News release

Fair Treatment of Indigenous Peoples Prosecution Policy to Direct Crown Attorneys

Nova Scotia Crown attorneys are now guided by a new comprehensive policy when conducting criminal prosecutions involving Indigenous peoples.

The Public Prosecution Service developed the policy, Fair Treatment of Indigenous Peoples in Criminal Prosecutions in Nova Scotia, in accordance with the established special legal and constitutional status of Indigenous peoples. The Supreme Court of Canada has recognized the unique history of Indigenous peoples and their treatment by the criminal justice system in landmark cases R. v. Gladue and R. v. Ipeelee. As well, the Criminal Code clearly states that an Indigenous offender’s unique circumstances must be considered in order to apply a fair sentence.

“Indigenous peoples have become disproportionately involved in the criminal justice system in Nova Scotia as elsewhere in Canada,” says Ingrid Brodie, a chief Crown attorney and chair of the Public Prosecution Service’s Equity and Diversity Committee. “Because of their unique circumstances and culture along with a history of racism and discrimination, Indigenous peoples are afforded special consideration within the criminal justice system.”

The policy references years of dislocation, lack of economic opportunity, forced family disruption through residential schooling and child welfare systems, lost culture, language and traditions. It acknowledges this history has resulted in low incomes, high unemployment and a lack of opportunities and education for many Indigenous peoples. These circumstances, in turn, have given rise to a disproportionate rate of suicide, imprisonment and substance abuse among Indigenous peoples.

“Indigenous peoples in Nova Scotia have every right to expect fair treatment within the criminal justice system,” said Attorney General and Minister of Justice Mark Furey. “This policy provides additional clarity for our Crown attorneys and I’m pleased the Public Prosecution Service has taken this initiative.”

As Crown attorneys prepare prosecutions, the policy guides them as they consider unique background factors contributing to an Indigenous person’s contact with the criminal justice system both as accused persons and as victims. Crown attorneys must maintain a flexible and open approach to criminal prosecutions arising in the Indigenous community. The policy also recognizes the emphasis placed by Indigenous peoples on rehabilitation, community healing and community-based penalties.

“What our policy does is provide the Crown attorney with specific step by step direction,” says Ms. Brodie. “The Public Prosecution Service wants to give its Crown attorneys the best possible tool to most effectively address what is already enshrined in law for Indigenous peoples. It will help Nova Scotia be more effective in decreasing its rates of victimization, crime and incarceration among Indigenous peoples by conducting culturally competent prosecutions.”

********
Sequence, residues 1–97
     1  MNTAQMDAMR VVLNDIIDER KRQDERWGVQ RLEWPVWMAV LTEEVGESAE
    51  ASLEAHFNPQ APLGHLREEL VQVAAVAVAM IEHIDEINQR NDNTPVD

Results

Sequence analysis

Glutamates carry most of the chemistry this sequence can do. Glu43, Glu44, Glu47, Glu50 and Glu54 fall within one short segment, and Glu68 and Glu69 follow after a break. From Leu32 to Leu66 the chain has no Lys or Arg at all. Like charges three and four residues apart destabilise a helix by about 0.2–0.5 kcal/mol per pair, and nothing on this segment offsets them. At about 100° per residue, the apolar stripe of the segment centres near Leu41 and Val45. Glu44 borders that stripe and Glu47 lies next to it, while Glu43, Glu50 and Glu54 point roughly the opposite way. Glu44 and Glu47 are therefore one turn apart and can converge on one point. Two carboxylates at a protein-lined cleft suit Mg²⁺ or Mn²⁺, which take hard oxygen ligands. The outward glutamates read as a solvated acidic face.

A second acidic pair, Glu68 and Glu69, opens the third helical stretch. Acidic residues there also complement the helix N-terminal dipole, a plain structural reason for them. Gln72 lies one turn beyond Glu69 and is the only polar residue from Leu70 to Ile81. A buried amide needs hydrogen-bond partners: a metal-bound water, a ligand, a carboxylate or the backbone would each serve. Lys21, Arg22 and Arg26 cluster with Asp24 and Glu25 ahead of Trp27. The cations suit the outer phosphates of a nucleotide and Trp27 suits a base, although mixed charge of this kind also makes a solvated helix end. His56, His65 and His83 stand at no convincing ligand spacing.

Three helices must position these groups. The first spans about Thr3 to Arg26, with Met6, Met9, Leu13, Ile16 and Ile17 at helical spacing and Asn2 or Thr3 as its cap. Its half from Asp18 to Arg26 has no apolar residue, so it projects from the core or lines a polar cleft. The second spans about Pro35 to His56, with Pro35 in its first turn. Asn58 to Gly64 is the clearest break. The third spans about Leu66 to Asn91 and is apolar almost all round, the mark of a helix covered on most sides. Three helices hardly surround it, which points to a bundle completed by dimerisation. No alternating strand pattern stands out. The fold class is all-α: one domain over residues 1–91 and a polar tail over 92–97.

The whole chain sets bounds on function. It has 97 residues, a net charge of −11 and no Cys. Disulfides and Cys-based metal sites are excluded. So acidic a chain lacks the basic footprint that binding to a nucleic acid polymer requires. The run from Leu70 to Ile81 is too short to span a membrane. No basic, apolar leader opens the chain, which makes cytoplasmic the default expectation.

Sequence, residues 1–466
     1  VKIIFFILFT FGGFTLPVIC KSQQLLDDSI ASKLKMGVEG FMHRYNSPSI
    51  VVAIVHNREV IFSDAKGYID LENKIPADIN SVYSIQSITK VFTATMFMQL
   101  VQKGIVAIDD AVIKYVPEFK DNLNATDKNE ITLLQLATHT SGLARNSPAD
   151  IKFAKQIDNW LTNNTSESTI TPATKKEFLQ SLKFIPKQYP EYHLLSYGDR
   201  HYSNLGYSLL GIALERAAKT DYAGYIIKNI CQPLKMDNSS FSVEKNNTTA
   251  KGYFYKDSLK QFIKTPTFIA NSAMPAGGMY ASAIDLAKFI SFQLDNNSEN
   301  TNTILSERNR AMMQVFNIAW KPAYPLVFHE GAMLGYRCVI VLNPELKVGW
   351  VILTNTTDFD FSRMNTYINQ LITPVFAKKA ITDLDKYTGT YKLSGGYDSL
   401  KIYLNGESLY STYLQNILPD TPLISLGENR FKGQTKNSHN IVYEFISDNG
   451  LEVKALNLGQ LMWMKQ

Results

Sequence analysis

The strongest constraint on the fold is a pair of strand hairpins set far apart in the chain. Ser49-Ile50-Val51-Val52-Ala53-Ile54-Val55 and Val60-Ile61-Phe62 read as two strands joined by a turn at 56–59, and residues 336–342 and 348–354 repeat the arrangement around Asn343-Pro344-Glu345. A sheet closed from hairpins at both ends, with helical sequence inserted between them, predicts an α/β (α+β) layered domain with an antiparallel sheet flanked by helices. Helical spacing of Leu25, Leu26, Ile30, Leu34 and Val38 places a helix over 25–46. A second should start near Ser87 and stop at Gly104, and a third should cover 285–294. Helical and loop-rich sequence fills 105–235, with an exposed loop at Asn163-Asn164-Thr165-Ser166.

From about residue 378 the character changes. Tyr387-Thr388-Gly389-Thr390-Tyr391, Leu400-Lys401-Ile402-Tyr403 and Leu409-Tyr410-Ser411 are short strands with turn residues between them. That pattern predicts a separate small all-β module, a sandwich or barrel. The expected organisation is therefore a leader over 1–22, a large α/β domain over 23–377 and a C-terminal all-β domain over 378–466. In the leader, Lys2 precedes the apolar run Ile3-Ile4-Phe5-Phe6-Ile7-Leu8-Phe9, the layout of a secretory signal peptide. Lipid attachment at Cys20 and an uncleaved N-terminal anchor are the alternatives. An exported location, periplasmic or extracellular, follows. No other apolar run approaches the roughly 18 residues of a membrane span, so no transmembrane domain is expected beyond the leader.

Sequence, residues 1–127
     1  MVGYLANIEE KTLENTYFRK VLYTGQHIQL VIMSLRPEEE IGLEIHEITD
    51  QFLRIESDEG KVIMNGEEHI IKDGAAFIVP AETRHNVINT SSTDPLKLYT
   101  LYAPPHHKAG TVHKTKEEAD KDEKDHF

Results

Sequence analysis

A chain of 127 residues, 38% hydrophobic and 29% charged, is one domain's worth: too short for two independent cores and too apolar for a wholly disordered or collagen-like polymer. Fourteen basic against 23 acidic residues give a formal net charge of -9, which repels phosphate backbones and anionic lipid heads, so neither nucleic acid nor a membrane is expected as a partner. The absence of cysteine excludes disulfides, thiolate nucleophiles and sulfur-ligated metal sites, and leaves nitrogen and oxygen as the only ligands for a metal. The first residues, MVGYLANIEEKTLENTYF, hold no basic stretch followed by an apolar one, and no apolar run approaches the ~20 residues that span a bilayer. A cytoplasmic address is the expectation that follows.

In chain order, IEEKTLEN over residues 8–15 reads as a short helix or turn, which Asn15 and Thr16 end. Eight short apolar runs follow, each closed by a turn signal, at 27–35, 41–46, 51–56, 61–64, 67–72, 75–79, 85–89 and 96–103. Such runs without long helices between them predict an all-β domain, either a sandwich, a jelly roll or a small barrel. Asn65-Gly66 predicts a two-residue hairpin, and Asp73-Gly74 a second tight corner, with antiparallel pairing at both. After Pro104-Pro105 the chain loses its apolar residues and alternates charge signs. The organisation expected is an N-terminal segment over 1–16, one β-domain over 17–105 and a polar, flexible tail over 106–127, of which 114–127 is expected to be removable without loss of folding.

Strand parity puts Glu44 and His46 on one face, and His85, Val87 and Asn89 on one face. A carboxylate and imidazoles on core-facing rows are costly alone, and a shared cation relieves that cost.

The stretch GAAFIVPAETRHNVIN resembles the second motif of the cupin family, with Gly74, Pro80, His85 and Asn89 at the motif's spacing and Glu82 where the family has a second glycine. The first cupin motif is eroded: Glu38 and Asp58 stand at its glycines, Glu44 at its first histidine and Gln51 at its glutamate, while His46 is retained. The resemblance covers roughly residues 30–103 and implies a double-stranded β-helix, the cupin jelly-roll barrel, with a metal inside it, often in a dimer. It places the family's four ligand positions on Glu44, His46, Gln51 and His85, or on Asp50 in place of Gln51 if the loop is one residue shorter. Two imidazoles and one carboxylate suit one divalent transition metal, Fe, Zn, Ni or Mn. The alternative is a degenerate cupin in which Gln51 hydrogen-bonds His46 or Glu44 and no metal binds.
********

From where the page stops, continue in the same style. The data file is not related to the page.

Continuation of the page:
Before finalizing the policy, the Public Prosecution Service consulted with several Mi’kmaw lawyers familiar with the criminal justice system. The policy was presented to Crown attorneys at their recent educational conference.

In Canada, Nova Scotia is among the leaders in providing specific policy direction to its Crown attorneys on prosecutions involving Indigenous peoples.

For a summary of the policy, visit https://novascotia.ca/pps/publications/ca_manual/AdministrativePolicies/Fair-Treatment-of-Indigenous-Peoples-Summary.pdf .

The full policy can be found at https://novascotia.ca/pps/publications/ca_manual/AdministrativePolicies/Fair-Treatment-of-Indigenous-Peoples.pdf .

FOR BROADCAST USE:

Nova Scotia Crown attorneys can now look to a new policy when prosecuting any criminal case involving Indigenous peoples.

The Public Prosecution Service says the policy recognizes the special legal and constitutional status of Indigenous peoples. It considers the unique history, circumstances and culture of Indigenous peoples.

Ingrid Brodie, chief Crown attorney and chair of the Public Prosecution Service’s Equity and Diversity Committee which wrote the policy says Indigenous peoples have become disproportionately involved in the criminal justice system and the policy is a step-by-step guide reminding Crown attorneys to consider the unique factors contributing to an Indigenous person’s contact with the criminal justice system.

Ms. Brodie says the policy is a tool to help Nova Scotia Crown attorneys conduct culturally competent prosecutions. She also says this will help lower the province’s rate of victimization, crime and imprisonment among Indigenous peoples.

Attorney General Mark Furey welcomes the policy saying Indigenous people have a right to expect fair treatment within the criminal justice system.

The Public Prosecution Service consulted with several Mi’kmaw lawyers before finalizing the policy.

The policy, along with all prosecution policies, is on the Public Prosecution Service’s website.

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